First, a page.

Executives from Google, Facebook and Twitter faced anger from lawmakers last week over their platforms' roles in Russian interference into the 2016 election. But for Silicon Valley, the biggest challenge lies ahead as tech companies look for ways to work with a U.S. Congress intent on closing legal loopholes before 2018 midterm elections.
Congressional scrutiny showed U.S. law has fallen behind the rapid growth of social media. Without rules governing paid political advertising on social media, foreign agents were free to post false or inflammatory material in an attempt manipulate public opinion. But lawmakers remain optimistic about the opportunity to learn from the past.
"If there is a place that has ever understood change, it's Silicon Valley. It is based on disruption. It's based on people taking risks," Representative Anna Eshoo, a California Democrat, told VOA.
Eshoo, whose congressional district covers part of Silicon Valley, has been a longtime advocate for greater transparency in the more traditional fields of TV and print political advertising.
"When citizens know who has paid for something, it has an effect on their thinking," Eshoo said. "It doesn't mean that there wouldn't still be Americans that would like that divisive ad. But at least they'll know where it comes from, and you can have a much clearer debate about who is saying what and what they are attempting to do."
The HONEST Ads Act, a legislative proposal recently introduced in both houses of Congress, follows along those lines.
If passed, the bill would regulate online political ads under the same rules as broadcast advertisements, requiring companies to keep a public database storing those ads and providing information about their funding.
"Americans deserve to know who's paying for the online ads," Democratic Senator Amy Klobuchar of Minnesota, a co-sponsor of the bill, said last month. "Even if the Russian interference hadn't occurred, we should still be updating our laws. Our laws should be as sophisticated as those who are trying to manipulate us."
"Creating a database like that is going to be hard and complicated and messy. It's a good idea that's going to have a tough execution," Dave Karpf, a professor of political communication at George Washington University, told VOA.
Karpf said that while there are no perfect solutions, it's important to recognize the tech companies for what they've become.
"Facebook and Google are media companies — they're just different media companies then we're used to seeing," he said. "They're not broadcasters, but they are information platforms. And they're quasi-monopolies — even a benevolent monopoly is a bad thing for public discourse and public knowledge."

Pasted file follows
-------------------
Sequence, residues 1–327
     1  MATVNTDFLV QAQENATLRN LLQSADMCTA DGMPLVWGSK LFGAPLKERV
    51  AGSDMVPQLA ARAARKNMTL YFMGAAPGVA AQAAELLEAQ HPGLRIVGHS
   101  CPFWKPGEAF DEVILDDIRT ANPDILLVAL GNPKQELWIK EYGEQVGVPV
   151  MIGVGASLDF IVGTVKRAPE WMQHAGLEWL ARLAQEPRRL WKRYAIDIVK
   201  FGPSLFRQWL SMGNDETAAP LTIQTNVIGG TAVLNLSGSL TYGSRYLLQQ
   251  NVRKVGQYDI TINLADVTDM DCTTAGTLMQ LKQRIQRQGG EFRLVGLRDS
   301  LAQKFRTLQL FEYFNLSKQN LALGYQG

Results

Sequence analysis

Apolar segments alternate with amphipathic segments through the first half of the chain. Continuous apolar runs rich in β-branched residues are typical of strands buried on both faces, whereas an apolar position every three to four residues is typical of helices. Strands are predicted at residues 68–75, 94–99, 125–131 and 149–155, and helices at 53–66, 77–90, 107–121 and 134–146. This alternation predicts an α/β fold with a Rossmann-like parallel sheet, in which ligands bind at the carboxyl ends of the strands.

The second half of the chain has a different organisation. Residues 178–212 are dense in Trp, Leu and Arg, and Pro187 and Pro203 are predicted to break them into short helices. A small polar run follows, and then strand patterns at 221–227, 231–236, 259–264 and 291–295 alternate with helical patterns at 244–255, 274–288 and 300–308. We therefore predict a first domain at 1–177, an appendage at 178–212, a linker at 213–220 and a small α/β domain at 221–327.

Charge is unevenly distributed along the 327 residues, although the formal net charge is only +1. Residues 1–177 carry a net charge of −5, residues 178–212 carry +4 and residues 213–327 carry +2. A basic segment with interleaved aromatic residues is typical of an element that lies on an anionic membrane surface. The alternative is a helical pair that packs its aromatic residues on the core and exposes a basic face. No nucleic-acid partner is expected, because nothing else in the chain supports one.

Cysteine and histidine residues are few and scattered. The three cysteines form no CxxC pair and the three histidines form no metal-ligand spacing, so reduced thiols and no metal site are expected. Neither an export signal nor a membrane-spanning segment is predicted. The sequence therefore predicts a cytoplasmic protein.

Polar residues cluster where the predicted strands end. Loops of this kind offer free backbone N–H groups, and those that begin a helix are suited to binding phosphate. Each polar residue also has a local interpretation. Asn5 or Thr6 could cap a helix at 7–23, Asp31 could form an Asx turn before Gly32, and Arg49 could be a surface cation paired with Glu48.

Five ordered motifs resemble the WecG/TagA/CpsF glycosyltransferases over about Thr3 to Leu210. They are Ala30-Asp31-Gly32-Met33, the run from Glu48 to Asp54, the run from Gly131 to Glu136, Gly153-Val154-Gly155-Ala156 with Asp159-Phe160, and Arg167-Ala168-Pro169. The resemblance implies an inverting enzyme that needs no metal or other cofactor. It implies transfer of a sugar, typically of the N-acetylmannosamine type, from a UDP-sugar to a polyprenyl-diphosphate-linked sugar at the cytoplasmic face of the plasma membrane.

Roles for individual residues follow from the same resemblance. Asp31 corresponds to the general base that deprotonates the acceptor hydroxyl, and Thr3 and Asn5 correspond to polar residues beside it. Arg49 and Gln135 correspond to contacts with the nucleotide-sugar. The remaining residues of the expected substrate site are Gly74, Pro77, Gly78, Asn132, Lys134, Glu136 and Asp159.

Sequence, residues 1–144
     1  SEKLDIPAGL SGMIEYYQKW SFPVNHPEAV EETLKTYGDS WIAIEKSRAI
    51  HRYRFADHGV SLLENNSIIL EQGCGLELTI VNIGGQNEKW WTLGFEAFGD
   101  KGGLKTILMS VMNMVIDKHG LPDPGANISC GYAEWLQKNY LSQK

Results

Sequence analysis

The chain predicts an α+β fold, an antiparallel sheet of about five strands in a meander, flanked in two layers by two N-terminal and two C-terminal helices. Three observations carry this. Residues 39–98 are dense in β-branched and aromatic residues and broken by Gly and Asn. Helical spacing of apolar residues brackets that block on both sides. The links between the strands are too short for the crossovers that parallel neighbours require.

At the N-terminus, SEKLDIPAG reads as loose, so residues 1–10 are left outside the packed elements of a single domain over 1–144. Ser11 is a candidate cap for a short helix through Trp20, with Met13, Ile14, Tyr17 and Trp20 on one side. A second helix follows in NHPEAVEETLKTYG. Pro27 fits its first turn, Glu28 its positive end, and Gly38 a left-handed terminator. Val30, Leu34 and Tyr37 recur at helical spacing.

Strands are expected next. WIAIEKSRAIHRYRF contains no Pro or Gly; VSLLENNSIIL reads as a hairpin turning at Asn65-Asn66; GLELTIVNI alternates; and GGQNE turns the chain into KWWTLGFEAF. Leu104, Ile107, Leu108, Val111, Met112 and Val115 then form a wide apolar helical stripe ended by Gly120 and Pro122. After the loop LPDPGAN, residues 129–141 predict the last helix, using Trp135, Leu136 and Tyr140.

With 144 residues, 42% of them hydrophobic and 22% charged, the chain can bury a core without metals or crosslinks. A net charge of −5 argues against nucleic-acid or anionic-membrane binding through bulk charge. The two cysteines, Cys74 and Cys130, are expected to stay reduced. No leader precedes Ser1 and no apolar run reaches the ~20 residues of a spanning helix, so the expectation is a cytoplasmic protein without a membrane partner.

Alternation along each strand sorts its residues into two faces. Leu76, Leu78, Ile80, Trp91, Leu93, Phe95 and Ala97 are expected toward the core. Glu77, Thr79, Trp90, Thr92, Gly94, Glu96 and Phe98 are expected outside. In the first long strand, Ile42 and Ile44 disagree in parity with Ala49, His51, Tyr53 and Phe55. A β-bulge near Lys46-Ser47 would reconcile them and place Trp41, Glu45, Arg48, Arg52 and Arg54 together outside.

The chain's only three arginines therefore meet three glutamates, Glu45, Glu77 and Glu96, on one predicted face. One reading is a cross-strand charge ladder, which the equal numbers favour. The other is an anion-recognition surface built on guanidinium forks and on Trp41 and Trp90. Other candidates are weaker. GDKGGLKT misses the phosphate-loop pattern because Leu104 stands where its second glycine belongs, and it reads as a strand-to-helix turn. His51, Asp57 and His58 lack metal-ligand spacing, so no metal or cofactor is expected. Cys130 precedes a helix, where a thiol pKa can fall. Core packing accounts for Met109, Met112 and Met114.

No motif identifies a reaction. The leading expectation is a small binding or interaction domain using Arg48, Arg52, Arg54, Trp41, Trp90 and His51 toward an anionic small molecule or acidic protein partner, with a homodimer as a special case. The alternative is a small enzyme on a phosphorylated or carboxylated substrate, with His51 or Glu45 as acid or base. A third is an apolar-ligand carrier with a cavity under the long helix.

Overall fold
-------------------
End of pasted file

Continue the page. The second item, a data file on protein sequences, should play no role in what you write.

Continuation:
But none of the social media heads would fully commit to support of the bill as it now stands during their congressional testimony, appearing instead to favor a self-policing approach.
Battling fake news
Addressing paid political advertisements on social media platforms is just one part of the puzzle. The 2016 election revealed a vast ecosystem of fake news that will be almost impossible to police.
"What's an even greater problem is that the Russians and others are setting up sites to deliberately disseminate misinformation — false news, fake news, what have you — they are not identifying themselves as Russian-sponsored," said Mark Jacobson, a professor at Georgetown University and co-author of an October 2017 report on Russian cybermeddling.
"This is the larger problem for Facebook and other social media companies — how to handle the deliberate disinformation — and I'm not so sure the solution is legislative," Jacobson said.
Eshoo downplayed talk that these challenges signal a downturn for tech innovators, saying it's time lawmakers, companies and citizens took on a shared responsibility.
"We need to do a much better job with this," she said. "We're going to need them to cooperate with us. I don't think that there has to be a slugfest on this." She said the social media companies need to tell Congress how, in terms of their engineering and their algorithms, they can best accomplish what lawmakers set forth.